summer campaign to ”Ottomanise” the untamable Albanians. The Turkish peasant is dumb: he
has no education or cohesion, and therefore no public opinion: but if he could give
expression to his will in a plebiscite, he would vote for being left in peace, and ask for
some government which would not herd his folk out of their villages in thousands, and send
them without commissariat, munitions of war, or medical succour, to perish in the deserts of
Tripoli or on the stricken field of Lule Burgas. Since he is too inarticulate to express
this, it is surely the mission of Panislamism, which has the ear of the civilised world and
knows how to address itself to it, to speak for him and save him from his own government,
instead of encouraging that government to exploit him to the detriment of his neighbours,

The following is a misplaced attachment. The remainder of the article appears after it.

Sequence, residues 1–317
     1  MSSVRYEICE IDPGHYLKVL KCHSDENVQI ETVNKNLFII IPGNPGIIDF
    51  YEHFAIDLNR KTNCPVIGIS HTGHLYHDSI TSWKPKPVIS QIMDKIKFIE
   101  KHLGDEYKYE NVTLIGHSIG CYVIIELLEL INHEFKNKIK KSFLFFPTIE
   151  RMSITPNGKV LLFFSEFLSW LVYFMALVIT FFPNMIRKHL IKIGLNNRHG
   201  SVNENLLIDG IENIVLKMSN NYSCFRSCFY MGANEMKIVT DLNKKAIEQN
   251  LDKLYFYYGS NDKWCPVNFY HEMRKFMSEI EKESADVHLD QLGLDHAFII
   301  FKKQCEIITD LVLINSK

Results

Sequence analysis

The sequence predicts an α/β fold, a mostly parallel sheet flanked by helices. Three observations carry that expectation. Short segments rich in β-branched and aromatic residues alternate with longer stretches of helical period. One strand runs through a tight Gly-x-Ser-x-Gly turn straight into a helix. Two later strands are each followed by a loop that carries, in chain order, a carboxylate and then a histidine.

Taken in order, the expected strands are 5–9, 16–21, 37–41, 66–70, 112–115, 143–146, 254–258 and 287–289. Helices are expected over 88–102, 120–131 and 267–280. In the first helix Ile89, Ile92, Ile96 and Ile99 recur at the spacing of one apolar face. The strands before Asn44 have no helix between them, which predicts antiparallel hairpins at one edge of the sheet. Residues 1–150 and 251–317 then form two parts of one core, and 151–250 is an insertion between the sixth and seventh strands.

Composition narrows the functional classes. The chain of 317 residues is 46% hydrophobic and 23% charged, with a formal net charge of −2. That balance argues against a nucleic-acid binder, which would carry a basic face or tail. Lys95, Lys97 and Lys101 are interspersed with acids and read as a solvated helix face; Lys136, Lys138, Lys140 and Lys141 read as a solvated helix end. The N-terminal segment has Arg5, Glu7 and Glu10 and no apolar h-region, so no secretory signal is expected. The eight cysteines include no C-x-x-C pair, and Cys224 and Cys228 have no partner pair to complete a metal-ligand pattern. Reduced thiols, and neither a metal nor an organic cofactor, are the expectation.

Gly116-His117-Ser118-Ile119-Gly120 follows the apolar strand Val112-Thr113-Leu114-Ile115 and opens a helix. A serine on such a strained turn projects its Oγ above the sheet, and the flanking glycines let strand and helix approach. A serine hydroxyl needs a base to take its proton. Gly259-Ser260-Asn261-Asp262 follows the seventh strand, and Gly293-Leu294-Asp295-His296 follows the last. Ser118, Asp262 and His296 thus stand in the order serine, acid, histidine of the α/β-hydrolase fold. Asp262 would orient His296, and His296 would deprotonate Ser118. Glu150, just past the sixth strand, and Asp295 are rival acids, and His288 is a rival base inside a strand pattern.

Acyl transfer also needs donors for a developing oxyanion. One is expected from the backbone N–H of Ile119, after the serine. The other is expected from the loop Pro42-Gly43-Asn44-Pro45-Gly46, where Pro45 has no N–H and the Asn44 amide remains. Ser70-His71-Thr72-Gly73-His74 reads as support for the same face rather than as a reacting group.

and the danger of the general peace.
The Porte claims the Indian Moslem’s allegiance as the protector of the Holy Cities. But
here again let him try his religious sentiment in the fire of reality, and imagine himself
in the place of the unhappy Turkish conscript, transported from his temperate upland home in
Anatolia to the military posts along that tropical volcanic plateau of “ Stony Arabia”
over which the Hejaz railway runs from Damascus to Medina, or worse still, dispatched by
troop-ship down the Red Sea to the terrible, interminable Yemen campaign from which no
soldier ever returns; or let him think of the Yemeni Arab himself.
1) Toynbee neglects that Kurdish tribes were a
thorn to everyone's sides, Muslim as well as Christian; even other Kurdish tribes were
the victims of Kurdish tribes. If Armenians were disproportionately targeted, it was
mainly because they were wealthier. (Kurds did not have a monopoly on lawless bands;
there were lawless Armenians bands preying on villages, as well.) Abdul Hamid's